Really, they aren’t for everyone.

Rachel Hardy
Sep 26 · 4 min read

I thought I wanted to be a mom one day.

Growing up, I had fantasies of raising my own children, of cradling a little pink skinned baby in my arms and rocking it to sleep. I could feel it’s warm, chubby fingers reach out to grasp my own. I imagined the bond we would have, the undying devotion between mother and child.

I even had names picked out.

I wanted a big family once.

At least three children, ideally four along with an adoring, handsome husband to call my own.

My fantasy came abruptly crashing down in my 20’s.

The dream of having children quickly turned to a nightmare.

I saw the world that I was living in and decided that I couldn’t bring a helpless child into it.

War. Poverty. Climate change. Economic instability. Growing and vast inequalities. Wage stagnation.

As a grown adult, I couldn’t even manage to take care of myself without the help of my parents. I was struggling now, all on my own, and the prospect of having hungry mouths to feed was enough to send me into a tailspin of fear and anxiety.

The world I had once seen as so beautiful, so full of hope, turned dark. I had so little hope for a future that was safe and prosperous for such a little one. Instead it was dangerous and wrought with strife.

Would my children ever see the rainforests or the polar ice caps? Would they even know what those were or would they be forced to imagine what they were like from old pictures?

Would the polar bears still be around?

Would there be enough food and water to sustain them?

Would they grow up in the grips of war?

I couldn’t answer this questions and my predictions for the future were bleak.

It was not the type of world I would have wanted for my child and so I refused to bring them into it.

I was motherly enough to know that.

I don’t particularly consider myself motherly either.

It’s funny though, because my friends and family see me that way. I’m too kind and sensitive and sweet to not be a mother. I have a penchant for caring.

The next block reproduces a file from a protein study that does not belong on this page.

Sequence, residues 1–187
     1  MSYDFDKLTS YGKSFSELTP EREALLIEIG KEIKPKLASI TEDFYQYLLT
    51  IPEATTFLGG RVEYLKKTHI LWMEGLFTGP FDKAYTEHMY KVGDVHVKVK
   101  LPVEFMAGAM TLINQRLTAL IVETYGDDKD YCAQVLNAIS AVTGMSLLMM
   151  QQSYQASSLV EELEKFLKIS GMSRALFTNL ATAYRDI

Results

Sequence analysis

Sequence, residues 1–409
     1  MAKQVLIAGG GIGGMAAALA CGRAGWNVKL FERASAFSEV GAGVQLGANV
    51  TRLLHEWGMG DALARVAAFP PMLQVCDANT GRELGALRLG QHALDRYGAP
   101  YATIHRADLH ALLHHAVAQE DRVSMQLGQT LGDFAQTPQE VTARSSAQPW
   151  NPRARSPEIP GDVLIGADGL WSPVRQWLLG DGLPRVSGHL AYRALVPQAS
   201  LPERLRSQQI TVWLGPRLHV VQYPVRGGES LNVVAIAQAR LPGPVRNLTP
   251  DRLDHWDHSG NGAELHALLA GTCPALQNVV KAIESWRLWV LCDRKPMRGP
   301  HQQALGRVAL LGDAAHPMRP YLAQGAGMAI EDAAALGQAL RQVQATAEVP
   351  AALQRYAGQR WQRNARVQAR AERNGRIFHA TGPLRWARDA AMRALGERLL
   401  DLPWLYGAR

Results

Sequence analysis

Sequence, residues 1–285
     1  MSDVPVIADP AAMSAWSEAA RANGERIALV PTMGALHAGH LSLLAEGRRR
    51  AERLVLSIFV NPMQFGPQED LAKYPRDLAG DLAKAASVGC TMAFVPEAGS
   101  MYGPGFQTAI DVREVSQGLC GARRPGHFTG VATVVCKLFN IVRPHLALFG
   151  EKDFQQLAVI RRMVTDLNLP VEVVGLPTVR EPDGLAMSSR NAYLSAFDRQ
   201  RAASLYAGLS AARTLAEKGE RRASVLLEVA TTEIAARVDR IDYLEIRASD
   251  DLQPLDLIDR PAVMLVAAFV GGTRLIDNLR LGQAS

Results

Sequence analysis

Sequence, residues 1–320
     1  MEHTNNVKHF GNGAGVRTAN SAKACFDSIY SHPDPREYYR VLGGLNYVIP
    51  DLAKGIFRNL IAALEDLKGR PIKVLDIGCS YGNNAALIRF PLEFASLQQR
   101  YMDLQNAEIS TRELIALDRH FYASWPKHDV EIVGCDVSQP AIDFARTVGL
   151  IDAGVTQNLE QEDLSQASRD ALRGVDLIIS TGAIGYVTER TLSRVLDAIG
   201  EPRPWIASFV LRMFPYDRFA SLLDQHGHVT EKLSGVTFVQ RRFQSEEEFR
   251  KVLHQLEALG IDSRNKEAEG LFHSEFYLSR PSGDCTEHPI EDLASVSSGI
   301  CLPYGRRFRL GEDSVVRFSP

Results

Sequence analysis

I think that’s just humanity, but somehow we’ve managed to mix that up with being motherly.

Motherly women love children. Motherly women put their children first. They’ll willingly care for another mother’s children. They can’t resist the cry of a helpless infaor the sweet faced innocence of a young child.You would not look at my mother and think she was motherly. She is a caring person, but she does not come across as gentle or sweet. She is loud and brash and speaks her mind.

Despite this, she is the most motherly person I know. She has sacrificed for my sisters and I and never once complained. She loves children. She never looks more at home then when she is cradling a baby in her arms.

If I was ever a mother I would hope to be her.

But I don’t. Want to be a mother that is.

I’m not particularly fond of children and a string of recent babysitting jobs has reminded me of that.

I do not find children to be sweet, irresistible creatures. I find them to be obnoxious and loud and messy and more than a little bit off putting.

At their worst, they are bossy and rude, if not downright cruel, with little thought given to others.

At the same time they are hopelessly needy, incapable of completing even the most basic of tasks without supervision or hand holding.

Most young children now will hardly engage in conversation with you. They don’t play or imagine. They are absorbed in the glowing screen they clutch in their hands, staring endlessly, for hours on end.

The things I once found endearing about children; their honesty, their innocence, their imagination seems to have been lost to me.

I don’t want to give up my own life for a child’s.

Adults are strangely obsessive about their children.

And I guess on an evolutionary level it makes sense. Our ancestors had to ensure the survival of the species after all and the best way to do that is by creating this almost laser like focus on our offspring.

We give up everything for our children.

Money, food, shelter. Perhaps even our own sanity and pleasure a lot of the time.

I don’t want that.

I don’t want to have children.

I want to be able to be selfish. I want to be able to care for my own needs. I want to get enough sleep. I want a house that isn’t strewn with toys and broken crayons.

Some women want this. Plenty of them do.

But it’s time to admit to ourselves that having children isn’t for everyone.

And that’s okay.

Rachel Hardy

Written by

Former psychology major hoping to change the world and inspire others. Writes about relationships, wellness, dogs, and surviving life as a woman.

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